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Monday, February 24, 2020

Tenn. Supreme Court seat up for grabs again

By John O'Brien | Feb 28, 2007

NASHVILLE, Tenn. - Tennessee's Judicial Selection Commission announced Wednesday that it will be accepting applications from middle and west Tennessee for the state's vacant Supreme Court seat.

The commission will receive applications until March 16, then meet on April 13 to conduct a public hearing and private interviews. A three-person panel of applicants will be sent to Gov. Phil Bredesen, who will pick the state's next justice.

"The commission unanimously decided in a meeting today to reopen the application process in compliance with the Tennessee Supreme Court decision in Bredesen v. Judicial Selection Commission," Committee chairman Dale Tuttle said. "We basically had two options -- use the applications we already received to present the governor with three names or reopen the process. We decided to accept new applications, but also to include those who already applied for this position, except the two who are barred from consideration by the Supreme Court decision."

The Supreme Court recently decided that Bredesen had not discriminated against two white applicants by refusing to consider them for the opening.

George Lewis and Houston Gordon argued that Bredesen's refusal to allow them to be considered on a second three-person panel of candidates after the first one was refused because the lone black candidate dropped out violated the Tennessee Human Rights Act.

When the third candidate - Davidson County Chancellor Richard Dinkins -- withdrew his name, Bredesen asked for a new list of candidates because he wanted one with a minority on it. Dinkins was the lone black person on the first panel.

The second panel that was submitted again featured Gordon and Lewis and added D'Army Bailey, who is black. However, Bredesen refused the list, claiming candidates who were already rejected (Lewis and Gordon) could not be resubmitted.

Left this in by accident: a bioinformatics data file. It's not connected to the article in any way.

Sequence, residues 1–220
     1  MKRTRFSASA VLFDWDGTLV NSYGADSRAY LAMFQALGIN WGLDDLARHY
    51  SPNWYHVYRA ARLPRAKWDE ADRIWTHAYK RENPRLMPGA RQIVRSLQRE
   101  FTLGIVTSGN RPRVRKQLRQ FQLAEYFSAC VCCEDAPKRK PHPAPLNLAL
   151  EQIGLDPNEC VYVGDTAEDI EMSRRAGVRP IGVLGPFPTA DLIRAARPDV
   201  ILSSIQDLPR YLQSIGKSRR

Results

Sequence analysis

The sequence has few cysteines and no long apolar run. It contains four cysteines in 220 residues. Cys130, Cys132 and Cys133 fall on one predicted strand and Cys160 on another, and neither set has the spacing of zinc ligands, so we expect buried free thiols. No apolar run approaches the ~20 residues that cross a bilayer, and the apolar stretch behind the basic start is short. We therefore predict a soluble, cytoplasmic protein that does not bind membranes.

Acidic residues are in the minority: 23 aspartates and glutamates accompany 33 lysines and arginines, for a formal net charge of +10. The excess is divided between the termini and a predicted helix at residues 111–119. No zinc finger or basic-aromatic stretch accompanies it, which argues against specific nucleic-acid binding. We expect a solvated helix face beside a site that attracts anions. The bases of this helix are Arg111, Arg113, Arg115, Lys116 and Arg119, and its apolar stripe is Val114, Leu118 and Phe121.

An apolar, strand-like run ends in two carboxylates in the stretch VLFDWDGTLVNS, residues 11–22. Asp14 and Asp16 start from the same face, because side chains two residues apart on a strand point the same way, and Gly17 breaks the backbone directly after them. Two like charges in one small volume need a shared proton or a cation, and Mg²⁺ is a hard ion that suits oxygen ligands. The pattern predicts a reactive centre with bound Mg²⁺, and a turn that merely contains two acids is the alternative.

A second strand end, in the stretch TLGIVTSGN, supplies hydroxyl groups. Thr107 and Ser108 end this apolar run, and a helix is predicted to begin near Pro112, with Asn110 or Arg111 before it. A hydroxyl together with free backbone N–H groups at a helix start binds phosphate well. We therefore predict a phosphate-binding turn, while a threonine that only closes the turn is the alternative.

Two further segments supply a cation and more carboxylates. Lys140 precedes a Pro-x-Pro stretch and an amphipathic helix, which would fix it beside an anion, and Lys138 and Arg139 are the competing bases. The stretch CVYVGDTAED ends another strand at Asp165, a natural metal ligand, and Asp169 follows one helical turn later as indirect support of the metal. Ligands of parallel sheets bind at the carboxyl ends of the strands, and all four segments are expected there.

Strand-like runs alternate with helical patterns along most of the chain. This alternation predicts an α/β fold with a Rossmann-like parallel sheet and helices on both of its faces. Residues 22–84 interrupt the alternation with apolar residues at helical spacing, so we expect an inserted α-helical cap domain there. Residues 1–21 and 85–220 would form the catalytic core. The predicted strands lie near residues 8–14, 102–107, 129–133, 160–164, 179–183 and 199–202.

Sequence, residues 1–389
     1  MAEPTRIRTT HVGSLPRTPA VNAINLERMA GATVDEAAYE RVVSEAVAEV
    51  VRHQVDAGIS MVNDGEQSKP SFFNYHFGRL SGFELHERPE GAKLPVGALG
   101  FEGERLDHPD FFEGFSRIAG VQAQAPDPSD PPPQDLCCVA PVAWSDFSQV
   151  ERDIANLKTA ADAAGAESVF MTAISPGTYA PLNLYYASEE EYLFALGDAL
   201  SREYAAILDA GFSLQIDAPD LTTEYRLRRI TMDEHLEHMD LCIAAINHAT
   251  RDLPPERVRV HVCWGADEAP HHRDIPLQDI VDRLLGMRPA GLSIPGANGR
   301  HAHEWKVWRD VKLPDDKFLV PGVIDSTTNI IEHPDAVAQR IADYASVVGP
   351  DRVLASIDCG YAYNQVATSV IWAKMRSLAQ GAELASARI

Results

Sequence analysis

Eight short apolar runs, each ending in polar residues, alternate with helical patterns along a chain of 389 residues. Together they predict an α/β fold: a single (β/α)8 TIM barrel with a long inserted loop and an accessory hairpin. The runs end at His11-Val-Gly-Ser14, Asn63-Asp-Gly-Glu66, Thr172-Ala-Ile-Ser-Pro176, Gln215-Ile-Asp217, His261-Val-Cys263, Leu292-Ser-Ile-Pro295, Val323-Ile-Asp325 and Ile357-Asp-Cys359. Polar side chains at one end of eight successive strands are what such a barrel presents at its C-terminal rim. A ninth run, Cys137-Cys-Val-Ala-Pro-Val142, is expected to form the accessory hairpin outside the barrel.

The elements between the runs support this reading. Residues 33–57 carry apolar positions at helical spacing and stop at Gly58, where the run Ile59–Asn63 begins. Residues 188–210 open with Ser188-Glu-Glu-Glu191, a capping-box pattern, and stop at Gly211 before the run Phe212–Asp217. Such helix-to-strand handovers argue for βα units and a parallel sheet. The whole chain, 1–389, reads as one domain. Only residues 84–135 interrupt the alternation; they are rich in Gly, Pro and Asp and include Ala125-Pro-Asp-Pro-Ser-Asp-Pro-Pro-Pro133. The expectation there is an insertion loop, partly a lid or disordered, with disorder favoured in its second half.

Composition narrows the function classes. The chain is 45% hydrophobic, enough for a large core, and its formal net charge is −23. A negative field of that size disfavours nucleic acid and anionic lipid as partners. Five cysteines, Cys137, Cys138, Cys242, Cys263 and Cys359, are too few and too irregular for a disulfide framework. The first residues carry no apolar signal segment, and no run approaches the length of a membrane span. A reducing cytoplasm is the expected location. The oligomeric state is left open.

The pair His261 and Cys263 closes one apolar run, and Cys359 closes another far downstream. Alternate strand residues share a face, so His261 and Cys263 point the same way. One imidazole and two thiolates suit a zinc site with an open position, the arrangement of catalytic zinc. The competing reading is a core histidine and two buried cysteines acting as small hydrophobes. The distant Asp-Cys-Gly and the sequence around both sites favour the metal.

Davidson County Chancellor Ellen Hobbs Lyle agreed with Bredesen, and the Judicial Selection Committee planned a Jan. 24 meeting to pick the new third candidate, who would join Bailey and Judge William Koch (of the state's Court of Appeals).

That left out Gordon and Lewis, who decided to ask that the appointment be stayed until their discrimination claim could be worked out.

Gordon is an attorney practicing in Covington, and Lewis, nicknamed "Buck," is the vice president of the Tennessee Bar Association.

"Notwithstanding, Lewis' claim that he was denied equal protection by virtue of his race hinges solely on the fact that the Governor's letter stated that 'diversity is a significant factor that I believe should be considered.' In our view, this glimpse into but one of the Governor's considerations must be read in the context of the entire letter, which unequivocally stressed that the Governor's goal was to 'appoint judges who meet the highest professional and personal standards,'" Chief Justice William Barker wrote.

"Upon Dinkins' withdrawal, the Governor no longer had a full panel of the 'best qualified' applicants from which to exercise his discretion by examining any number of considerations, of which diversity was just one. As a result, the Governor exercised his statutory option to reject the first panel for another panel containing three applicants from which to make the appointment. We will not speculate or otherwise interpret the letter as meaning the Governor would not appoint a white applicant or would only appoint a minority applicant; instead, the Governor, after determining that the first panel was no longer a complete panel with which to evaluate the 'best qualified' applicants, took a course of action available to him by statute under the Tennessee plan."

The Court also decided that Gordon and Lewis may not apply for the job again.

Justice Gary Wade recused himself from hearing the case because, "My own nomination and eventual appointment as an associate justice is a part of the history of this litigation."

Wade filled one of the two spots last year that were created when justices Anderson and Adolpho Birch retired. Anderson took Wade's spot during the hearing.

Tennessee's Supreme Court has the unique power of appointing the state's attorney general rather than having voters decide. In November, the Court chose Robert Cooper for an eight-year term to replace Paul Summers. Cooper represented Bredesen in the case.

Those who previously applied are: Bailey of Memphis; Court of Appeals Judge Frank G. Clement, Jr., of Nashville; David O. Day of Baxter; Criminal Court Judge Steve R. Dozier of Nashville; John T. Fowlkes of Memphis; Sean Antone Hunt of Germantown; Koch of Nashville; Andrei Ellen Lee of Nashville; Circuit Court Judge C. Creed McGinley of Savannah; Court of Criminal Appeals Judge J.C. McLin of Memphis; Russell Taylor Perkins of Whites Creek; Nathan B. Pride of Jackson; Stephanie R. Reevers of Antioch; Lillie Ann Sells of Cookeville; and Steven R. Walker of Memphis.

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